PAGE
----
Singapore introduced recycled water in 2003, while Orange County in California, for example, has been producing recycled water for several decades. Singapore created its own system. Thanks to comprehensive education and communication strategies, it was able to achieve large-scale industrial implementation and broad public acceptance of indirect drinking water use [36,40]. Water reuse under the circular economy concept focuses on implementing a closed system where treated wastewater is not discharged into the ocean but is further treated to produce NEWater [36].

6. Conclusions

The increasing water scarcity worldwide highlights the urgency of implementing water-reuse concepts. Countries that have been under high water stress for decades, such as the USA or China, have already reacted at an early stage and introduced appropriate regulations for water reuse to ensure sufficient water quality. Hence, to achieve Goal 6 of the Sustainable Development Goals (SDG), it is essential to exploit all opportunities with respect to reuse water.
In general, the reuse of wastewater is not the only solution to improve the situation in water-stressed regions. It is especially important to save water in order to produce less reuse water. Since its production is expensive, this can generally save costs.
For municipalities, industry and agriculture, there are still far-reaching implementation possibilities to use water more efficiently. In addition to the reuse of treated wastewater, efficient water-use methods make a major contribution to reducing water consumption, including the use of reuse water. Furthermore, there is still a great need for research to establish various correlations between the disciplines. One approach is seen in agriculture, for example, to reconcile the use of reuse water, irrigation techniques and optimal distribution of land with specific land uses.
Generally, regulations for the discharge of treated wastewater into water bodies exist in most countries, but further regulations based on them to produce reuse water according to the “fit-for-purpose” principle are partly missing. In Europe, the regulations came relatively late. The 1991 Council Directive recommended the reuse of treated wastewater, but at that time there were no standards or quality requirements for reuse. It is not until 2023 that the new Regulation 2020/741 of the European Parliament and the Council has to be adapted into national law. Consequently, advanced requirements and treatment steps as well as their implementation are essential for wastewater treatment, as for instance evidenced by Singapore, so that the treated water has a quality corresponding to the “fit-for-purpose” principle.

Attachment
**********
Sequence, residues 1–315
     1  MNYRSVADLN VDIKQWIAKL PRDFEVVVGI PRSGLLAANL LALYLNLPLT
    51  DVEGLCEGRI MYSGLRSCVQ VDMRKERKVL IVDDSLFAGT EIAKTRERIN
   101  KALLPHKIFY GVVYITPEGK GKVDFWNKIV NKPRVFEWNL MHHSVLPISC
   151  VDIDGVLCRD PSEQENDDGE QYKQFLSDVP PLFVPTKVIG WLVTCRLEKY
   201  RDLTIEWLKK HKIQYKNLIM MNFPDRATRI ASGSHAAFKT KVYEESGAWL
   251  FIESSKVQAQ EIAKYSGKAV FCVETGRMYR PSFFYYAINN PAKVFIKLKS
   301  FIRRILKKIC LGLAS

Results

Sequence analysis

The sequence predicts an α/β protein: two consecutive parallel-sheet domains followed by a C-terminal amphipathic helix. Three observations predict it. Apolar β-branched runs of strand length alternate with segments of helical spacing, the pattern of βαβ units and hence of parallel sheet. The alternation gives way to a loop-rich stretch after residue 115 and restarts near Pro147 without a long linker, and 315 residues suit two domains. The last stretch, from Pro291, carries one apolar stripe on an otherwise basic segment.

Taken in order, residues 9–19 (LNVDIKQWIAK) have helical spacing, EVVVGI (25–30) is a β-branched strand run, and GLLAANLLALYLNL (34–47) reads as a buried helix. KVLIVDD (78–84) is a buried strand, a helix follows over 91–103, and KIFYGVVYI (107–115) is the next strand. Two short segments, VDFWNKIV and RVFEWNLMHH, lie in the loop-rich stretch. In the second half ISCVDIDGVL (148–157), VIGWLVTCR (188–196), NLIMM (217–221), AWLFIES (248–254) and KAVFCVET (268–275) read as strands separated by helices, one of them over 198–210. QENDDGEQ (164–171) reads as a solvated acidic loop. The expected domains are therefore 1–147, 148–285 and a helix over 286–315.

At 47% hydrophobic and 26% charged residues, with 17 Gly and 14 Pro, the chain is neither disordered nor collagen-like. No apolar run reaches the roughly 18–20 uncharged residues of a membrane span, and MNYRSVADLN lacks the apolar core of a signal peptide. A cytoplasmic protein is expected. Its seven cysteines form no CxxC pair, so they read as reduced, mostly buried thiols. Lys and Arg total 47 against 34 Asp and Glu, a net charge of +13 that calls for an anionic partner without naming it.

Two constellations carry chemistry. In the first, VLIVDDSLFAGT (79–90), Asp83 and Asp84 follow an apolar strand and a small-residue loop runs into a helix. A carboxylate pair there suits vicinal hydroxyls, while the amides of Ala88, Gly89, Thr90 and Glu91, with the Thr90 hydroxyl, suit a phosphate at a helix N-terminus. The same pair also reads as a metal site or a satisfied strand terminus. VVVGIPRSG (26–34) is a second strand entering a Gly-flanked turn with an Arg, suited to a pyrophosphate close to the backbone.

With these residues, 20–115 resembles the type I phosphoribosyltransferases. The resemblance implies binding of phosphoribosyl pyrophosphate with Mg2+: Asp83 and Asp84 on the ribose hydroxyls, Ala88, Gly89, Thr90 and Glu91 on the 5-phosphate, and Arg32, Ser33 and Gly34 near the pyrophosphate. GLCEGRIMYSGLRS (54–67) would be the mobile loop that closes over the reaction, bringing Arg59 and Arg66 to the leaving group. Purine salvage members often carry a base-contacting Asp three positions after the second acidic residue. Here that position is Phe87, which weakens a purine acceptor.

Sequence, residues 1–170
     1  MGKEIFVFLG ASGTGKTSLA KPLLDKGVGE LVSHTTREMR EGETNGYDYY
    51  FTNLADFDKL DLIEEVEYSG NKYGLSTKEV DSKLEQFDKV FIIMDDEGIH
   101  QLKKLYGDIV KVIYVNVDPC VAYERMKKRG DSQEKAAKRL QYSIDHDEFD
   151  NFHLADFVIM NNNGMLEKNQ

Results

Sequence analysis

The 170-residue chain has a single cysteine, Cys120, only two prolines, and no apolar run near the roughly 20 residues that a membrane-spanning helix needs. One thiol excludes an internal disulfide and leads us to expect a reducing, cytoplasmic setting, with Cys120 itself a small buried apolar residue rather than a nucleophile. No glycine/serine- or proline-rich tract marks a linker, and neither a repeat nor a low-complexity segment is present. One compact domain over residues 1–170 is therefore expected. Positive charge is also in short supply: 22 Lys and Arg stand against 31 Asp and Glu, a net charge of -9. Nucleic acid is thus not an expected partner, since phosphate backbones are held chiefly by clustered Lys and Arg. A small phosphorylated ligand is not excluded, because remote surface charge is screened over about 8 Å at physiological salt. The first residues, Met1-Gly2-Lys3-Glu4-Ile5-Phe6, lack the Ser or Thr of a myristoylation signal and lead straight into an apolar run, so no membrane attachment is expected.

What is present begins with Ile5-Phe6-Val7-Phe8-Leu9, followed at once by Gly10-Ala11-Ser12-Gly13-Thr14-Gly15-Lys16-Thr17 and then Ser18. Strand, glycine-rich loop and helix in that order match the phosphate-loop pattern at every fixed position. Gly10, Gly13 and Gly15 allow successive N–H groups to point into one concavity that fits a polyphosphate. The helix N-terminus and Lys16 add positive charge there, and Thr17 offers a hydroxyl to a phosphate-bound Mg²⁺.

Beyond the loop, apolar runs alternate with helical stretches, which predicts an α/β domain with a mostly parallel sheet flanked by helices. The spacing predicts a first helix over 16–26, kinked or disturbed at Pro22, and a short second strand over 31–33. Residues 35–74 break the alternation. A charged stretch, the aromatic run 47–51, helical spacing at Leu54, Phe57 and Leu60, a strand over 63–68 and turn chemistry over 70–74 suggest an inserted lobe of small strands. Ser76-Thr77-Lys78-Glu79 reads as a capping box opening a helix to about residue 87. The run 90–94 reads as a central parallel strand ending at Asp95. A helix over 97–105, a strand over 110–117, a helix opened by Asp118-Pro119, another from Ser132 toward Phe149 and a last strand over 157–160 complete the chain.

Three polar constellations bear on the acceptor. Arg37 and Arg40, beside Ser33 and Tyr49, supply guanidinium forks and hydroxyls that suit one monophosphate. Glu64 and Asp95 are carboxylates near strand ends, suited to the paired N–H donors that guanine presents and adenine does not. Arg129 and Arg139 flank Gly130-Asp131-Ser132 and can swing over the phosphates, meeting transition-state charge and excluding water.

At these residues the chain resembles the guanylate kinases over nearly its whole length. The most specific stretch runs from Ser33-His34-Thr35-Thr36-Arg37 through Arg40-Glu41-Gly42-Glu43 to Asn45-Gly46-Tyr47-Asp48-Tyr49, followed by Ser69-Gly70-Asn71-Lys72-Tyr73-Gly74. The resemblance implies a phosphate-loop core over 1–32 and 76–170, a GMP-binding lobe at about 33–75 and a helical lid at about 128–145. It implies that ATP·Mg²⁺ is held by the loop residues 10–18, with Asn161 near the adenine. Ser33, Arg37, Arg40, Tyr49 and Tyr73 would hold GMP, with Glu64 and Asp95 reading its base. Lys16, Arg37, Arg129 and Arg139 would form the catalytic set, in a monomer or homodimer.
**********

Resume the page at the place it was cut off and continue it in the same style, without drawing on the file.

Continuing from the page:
However, a current challenge is the implementation of water-reuse concepts. Only a few countries have realized holistic-integrated water management concepts that also include water reuse. In Germany, for instance, as of yet there are no strategic spatial planning concepts on a city scale to drive water reuse. There is a need for further research in this area. Another challenge is the transferability of existing approaches to completely different planning systems in the respective countries. Thus, each situation must be considered individually. Nevertheless, water scarcity will drive this, as without new concepts and implementations, sufficient water supply will be jeopardized. Many discussions exist regarding costs for wastewater treatment for water reuse. This can be increasingly ignored, because costs, which are incurred for example from an energetic point of view for the treatment or for the wastewater treatment technology, will no longer play a role at a high water-stress level. In case of a high water scarcity, the focus is rather on being able to provide the water at all.